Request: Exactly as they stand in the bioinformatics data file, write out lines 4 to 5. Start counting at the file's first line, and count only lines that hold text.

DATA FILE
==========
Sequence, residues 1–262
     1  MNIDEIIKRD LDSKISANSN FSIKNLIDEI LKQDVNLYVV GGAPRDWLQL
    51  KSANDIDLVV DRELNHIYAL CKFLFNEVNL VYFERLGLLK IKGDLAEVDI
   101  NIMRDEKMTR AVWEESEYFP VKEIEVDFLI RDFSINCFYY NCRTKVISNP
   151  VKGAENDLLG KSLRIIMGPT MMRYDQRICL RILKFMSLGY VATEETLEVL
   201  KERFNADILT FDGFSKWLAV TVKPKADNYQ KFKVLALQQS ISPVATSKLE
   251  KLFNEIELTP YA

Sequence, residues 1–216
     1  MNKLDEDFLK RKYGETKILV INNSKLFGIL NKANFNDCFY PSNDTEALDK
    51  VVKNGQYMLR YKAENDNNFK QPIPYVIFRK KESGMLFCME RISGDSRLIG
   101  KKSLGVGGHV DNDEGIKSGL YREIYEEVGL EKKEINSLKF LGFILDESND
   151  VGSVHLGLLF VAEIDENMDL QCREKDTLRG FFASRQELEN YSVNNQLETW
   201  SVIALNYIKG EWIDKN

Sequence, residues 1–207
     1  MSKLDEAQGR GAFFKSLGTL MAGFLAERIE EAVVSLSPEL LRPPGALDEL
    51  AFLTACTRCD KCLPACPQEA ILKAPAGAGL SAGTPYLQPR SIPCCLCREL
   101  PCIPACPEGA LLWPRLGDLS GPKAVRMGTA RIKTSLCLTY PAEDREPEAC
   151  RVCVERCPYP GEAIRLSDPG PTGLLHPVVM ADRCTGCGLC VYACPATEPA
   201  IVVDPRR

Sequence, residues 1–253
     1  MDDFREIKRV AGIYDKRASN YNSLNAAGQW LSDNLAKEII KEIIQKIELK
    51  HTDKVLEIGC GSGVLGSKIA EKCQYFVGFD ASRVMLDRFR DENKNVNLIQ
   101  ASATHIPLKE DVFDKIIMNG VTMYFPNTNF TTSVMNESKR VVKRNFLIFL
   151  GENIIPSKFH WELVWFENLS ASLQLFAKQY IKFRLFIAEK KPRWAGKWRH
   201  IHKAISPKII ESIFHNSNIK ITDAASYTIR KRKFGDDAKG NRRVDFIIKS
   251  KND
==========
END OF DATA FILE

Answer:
   101  NIMRDEKMTR AVWEESEYFP VKEIEVDFLI RDFSINCFYY NCRTKVISNP
   151  VKGAENDLLG KSLRIIMGPT MMRYDQRICL RILKFMSLGY VATEETLEVL